Judge Throws Out Five "Fat Leonard" Convictions Over Procedural Failures

The 7th Fleet headquarters ship USS Blue Ridge, the command at the center of the GDMA scandal, at Busan during the years of Francis' peak influence (USN file image)
The 7th Fleet headquarters ship USS Blue Ridge, the command at the center of the GDMA scandal, at Busan during the years of Francis' peak influence (USN file image)

Published May 22, 2024 5:06 PM by The Maritime Executive

A federal judge in San Diego has vacated the convictions of five former Navy officers who admitted to taking bribes from Leonard "Fat Leonard" Glenn Francis, the notorious founder of Asian ship husbandry firm Glenn Defense Marine Asia (GDMA). By his own account, Francis corrupted countless U.S. Navy officers, enlisted sailors and civilian employees in 7th Fleet in order to steer business to his company and overcharge for his services. The scandal reached all the way up to flag rank level, and secured more than $30 million in illicit income for Francis at taxpayer expense - all at a low cost for GDMA, rarely exceeding more than five figures per officer. 

The vast majority of the hundreds of personnel who were investigated in the scandal were never charged in civilian courts, but federal prosecutors selected three dozen cases for trial. With Francis' testimony and documentary evidence from email communications, they secured guilty pleas from the majority of the defendants. However, last year a federal judge found that prosecutors engaged in "flagrant misconduct" by failing to provide relevant information to the defendants' lawyers. 

On Tuesday, five of the GDMA felony convictions were tossed out at the request of a new team of federal prosecutors. The request was intended to fix a procedural failure and ensure the integrity of the criminal justice system - not because the facts of the case were in doubt, but because the officers who pleaded guilty were not provided with all the information they were entitled to receive from the prosecution. The procedural error means that the defendants who have pleaded innocent will likely never be convicted, so prosecutors determined that in the interest of justice, the men who had already pleaded guilty should also be allowed to walk free.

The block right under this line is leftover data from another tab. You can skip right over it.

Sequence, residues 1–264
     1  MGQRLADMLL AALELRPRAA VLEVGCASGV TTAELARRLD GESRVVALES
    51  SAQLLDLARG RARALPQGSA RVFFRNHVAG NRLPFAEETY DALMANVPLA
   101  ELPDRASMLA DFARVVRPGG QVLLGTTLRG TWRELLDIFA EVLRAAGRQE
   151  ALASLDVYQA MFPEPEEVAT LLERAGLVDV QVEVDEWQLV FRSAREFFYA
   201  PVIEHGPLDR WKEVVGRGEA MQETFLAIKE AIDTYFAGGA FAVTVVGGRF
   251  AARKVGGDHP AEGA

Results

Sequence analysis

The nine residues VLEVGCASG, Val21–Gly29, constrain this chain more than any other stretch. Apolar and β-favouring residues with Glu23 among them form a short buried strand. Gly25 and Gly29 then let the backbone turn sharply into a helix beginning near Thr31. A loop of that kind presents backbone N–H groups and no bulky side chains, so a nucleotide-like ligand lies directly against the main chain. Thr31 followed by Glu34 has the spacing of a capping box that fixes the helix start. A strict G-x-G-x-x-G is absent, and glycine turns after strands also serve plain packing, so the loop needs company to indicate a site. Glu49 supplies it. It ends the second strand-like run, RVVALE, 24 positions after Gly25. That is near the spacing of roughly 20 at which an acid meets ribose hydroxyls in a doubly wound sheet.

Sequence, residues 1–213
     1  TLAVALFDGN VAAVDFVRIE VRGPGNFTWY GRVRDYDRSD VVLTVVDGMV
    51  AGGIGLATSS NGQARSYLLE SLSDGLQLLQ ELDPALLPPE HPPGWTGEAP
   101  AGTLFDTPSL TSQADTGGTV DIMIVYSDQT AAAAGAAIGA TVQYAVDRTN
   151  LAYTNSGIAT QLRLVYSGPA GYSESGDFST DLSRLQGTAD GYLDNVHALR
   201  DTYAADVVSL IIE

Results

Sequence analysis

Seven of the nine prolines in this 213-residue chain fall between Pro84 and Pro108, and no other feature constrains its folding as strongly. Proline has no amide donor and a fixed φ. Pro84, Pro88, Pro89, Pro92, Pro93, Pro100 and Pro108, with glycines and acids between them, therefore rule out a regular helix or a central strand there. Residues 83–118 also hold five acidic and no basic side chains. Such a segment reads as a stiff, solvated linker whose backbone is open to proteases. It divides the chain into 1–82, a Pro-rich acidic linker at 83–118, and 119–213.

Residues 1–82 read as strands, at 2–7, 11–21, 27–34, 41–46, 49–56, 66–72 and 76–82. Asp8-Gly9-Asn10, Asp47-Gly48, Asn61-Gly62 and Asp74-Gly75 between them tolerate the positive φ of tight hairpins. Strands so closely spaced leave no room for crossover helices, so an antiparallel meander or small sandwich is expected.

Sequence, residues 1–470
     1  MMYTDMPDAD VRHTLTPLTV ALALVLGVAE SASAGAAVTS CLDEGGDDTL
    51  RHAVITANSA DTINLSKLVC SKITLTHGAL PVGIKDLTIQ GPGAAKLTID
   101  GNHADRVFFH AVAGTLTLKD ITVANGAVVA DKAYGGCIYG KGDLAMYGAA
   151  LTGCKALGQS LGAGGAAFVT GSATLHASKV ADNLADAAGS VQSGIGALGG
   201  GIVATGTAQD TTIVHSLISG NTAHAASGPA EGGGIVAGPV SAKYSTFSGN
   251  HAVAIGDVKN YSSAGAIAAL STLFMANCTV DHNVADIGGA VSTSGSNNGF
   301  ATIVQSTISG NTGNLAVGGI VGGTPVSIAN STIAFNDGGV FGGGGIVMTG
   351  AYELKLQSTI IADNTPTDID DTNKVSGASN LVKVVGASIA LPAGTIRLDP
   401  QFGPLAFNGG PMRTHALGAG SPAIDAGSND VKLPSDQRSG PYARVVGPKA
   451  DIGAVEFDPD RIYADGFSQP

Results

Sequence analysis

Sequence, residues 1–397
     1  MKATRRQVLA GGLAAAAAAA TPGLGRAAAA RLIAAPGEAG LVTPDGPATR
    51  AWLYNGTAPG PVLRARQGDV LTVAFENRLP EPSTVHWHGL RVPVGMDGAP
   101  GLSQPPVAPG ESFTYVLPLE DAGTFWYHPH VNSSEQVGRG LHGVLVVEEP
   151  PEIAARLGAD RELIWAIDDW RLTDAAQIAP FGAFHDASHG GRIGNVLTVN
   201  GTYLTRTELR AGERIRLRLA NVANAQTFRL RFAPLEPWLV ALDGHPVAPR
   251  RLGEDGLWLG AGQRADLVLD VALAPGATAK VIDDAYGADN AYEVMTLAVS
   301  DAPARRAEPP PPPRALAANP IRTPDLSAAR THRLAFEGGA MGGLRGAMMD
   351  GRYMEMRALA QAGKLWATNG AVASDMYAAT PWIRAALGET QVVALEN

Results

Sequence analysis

On Tuesday, a judge accepted a new plea deal for three officers who had previously admitted to felony crimes for accepting bribes, and allowed them to plead guilty to a misdemeanor charge instead. In addition, the judge dismissed all charges against Capt. Stephen Shedd, who had told investigators that he had accepted prostitutes, watches and luxury vacations from Francis in exchange for secret information. Shedd pleaded guilty in 2022 and testified on the stand that he was a traitor who "deserves prison," but asked the court if he could reverse his plea after the allegations of prosecutorial misconduct came to light last year. 

The setback was the latest turn in a decade-long courtroom drama involving allegations of bribery, mishandling of classified information, fraud and indecent behavior. The plot details have been worthy of a television drama: in addition to the stories of wild parties and deep-rooted corruption, Francis added his own coda to the tale when he escaped house arrest and fled to Venezuela in 2022 - only to be captured and returned to the U.S. in a prisoner exchange. 

"The information [the officers] had was priceless, and they just sold out for cheap," Francis told a documentary filmmaker before his escape. "There's a lot more to it than what I've put out there, because if I'm double-crossed, that's what's going to come out."